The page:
ONE NIGHT WITH JANIS JOPLIN
Every now and then, an actor or actress is the right age, and around at the right time, to make an iconic role theirs, such as the young Barbara Streisand did playing Fanny Brice in Funny Girl. No one else will ever be able to do that again, not even the heir apparent, Lea Michele.
Well, now we have another such case with Mary Bridget Davies as Janis Joplin in the Pasadena Playhouse’s One Night With Janis Joplin. She was born to play it! If she doesn’t get an Ovation Award for this next year, I’ll be flabbergasted! More on her, and the whole show, in a second. But first, some background on my knowledge, or lack thereof, of Janis Joplin herself.
I have to admit that I’m not very familiar with Janis Joplin, except for the mostly-fictionalized Bette Midler film, The Rose. She died too early for me, and, never being a lover of this type of music, (meaning early rock, not the blues,) I never really got the big deal about her. I remember grown-ups saying that they had always been afraid her vocal cords were going to burst because of the gravelly way she sang, so it’s been hard for me to not think of that when I hear her recordings. When I was younger, I actually thought that’s what she died from! (I’ve also always been too shallow to understand the attraction of her; I used to try to figure out how a woman so not good-looking could have gotten so famous back in the day. I guess looks didn’t matter then like they do now. But when I said that to Maria, the friend I saw the show with, she dryly reminded me, “Susan Boyle.”)
My biggest connection to Janis is my image of driving down to Florida with some pals in my first college. My best friend Jill and I were in a big van with four guys. We took shifts; one girl sitting up front in the middle with two guys, and the other girl in the back with the other two guys, to rest, so we could drive straight through. The people up front got to choose the music. On Jill’s shift, those three just kept playing Me and Bobby Magee over and over. I hated the song, but whenever I hear it now, I picture Jill’s back going up and down with gusto as she belted along. It reminds me of a fun, carefree teen-age time, and it always makes me smile.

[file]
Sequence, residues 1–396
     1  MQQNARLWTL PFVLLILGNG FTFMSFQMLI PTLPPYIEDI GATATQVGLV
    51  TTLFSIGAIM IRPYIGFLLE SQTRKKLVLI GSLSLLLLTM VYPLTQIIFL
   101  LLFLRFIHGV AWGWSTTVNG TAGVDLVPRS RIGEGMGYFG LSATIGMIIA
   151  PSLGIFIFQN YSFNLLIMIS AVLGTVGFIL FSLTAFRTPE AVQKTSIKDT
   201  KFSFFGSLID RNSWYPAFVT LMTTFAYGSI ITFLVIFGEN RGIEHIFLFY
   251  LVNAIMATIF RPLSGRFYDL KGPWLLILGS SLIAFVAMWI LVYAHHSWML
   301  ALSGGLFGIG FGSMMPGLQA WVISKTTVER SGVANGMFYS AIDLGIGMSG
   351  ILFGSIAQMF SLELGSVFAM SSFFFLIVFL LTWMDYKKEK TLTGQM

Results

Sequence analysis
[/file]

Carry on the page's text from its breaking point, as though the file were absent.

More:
As did One Night With Janis Joplin! (Nice segue, Karen!) So, without being a fan of the real Janis, I became a fan of this show! And, that’s mainly due to the music. How’s that for a turn-around?! (I never disliked her music; it’s just never been my choice to listen to.)
The show was a whole experience, which the crowd loved. I was actually a little worried about the opening night audience at first, because Maria and I, and one guy in the front row, were the only ones bopping to the music. (So much so that the star gave props to Maria out from the stage!!! You go, girl!) But then the crowd started going wild for Mary’s performance, and by the end, they were crazy; it was like I was at a real Janis concert!
The only things missing to make me imagine I was seeing her in the Fillmore East, were darker lights, much pot smoke, and lots of long hair, (as opposed to in this audience, where mine was the only lengthy mane!) Those must have been the days.
To set the mood right off the bat, the ushers wore Janis tee-shirts and peace sign pendants, which they’ll do for the entire run. Some even rocked tie-dye head scarves! For opening night, they gave us each a thick glow stick to wave in the air. (You don’t want to know how hard I had to work to get mine going, but that’s only because Mr. X is in charge of all the ones at our house, which, trust me, there are many of!) You can buy them there for the rest of the performances, which I highly suggest, if you’re any fun at all!!!
The set design, which was kind-of basic but with tons of fun lighting, seemed to be a collaborative effort between scenic and lighting designer Justin Townsend and director Randy Johnson. (Not the major league pitcher, for you confused sports fans.) I understand that having multiple old-fashioned lamps on-stage was the idea of Johnson, and not what Janis actually did, even though I could picture her doing it. (I think that American Idol‘s Crystal Bowersox had lamps on-stage, as well, whenever she performed on that show, and I always thought that she could play Janis. But now I can’t picture anyone but Ms. Davies in the role.)
It’s amazing that they were able to make Mary Bridget Davies look so much like Janis Joplin, especially because she’s so much prettier, and really looks more like perky Rachel Ray in the face! But, somehow, because of how they did her hair, and the perfect costumes and jewelry by Jeff Cone, she not only sounded like Janis, but totally embodied her! (Or my picture of her, anyway.)
So, here’s how this show works: it’s basically a concert, but with little anecdotes about Janis’ life and philosophies, told by Ms. Davies as Janis, which is what makes it a play, as opposed to just a concert.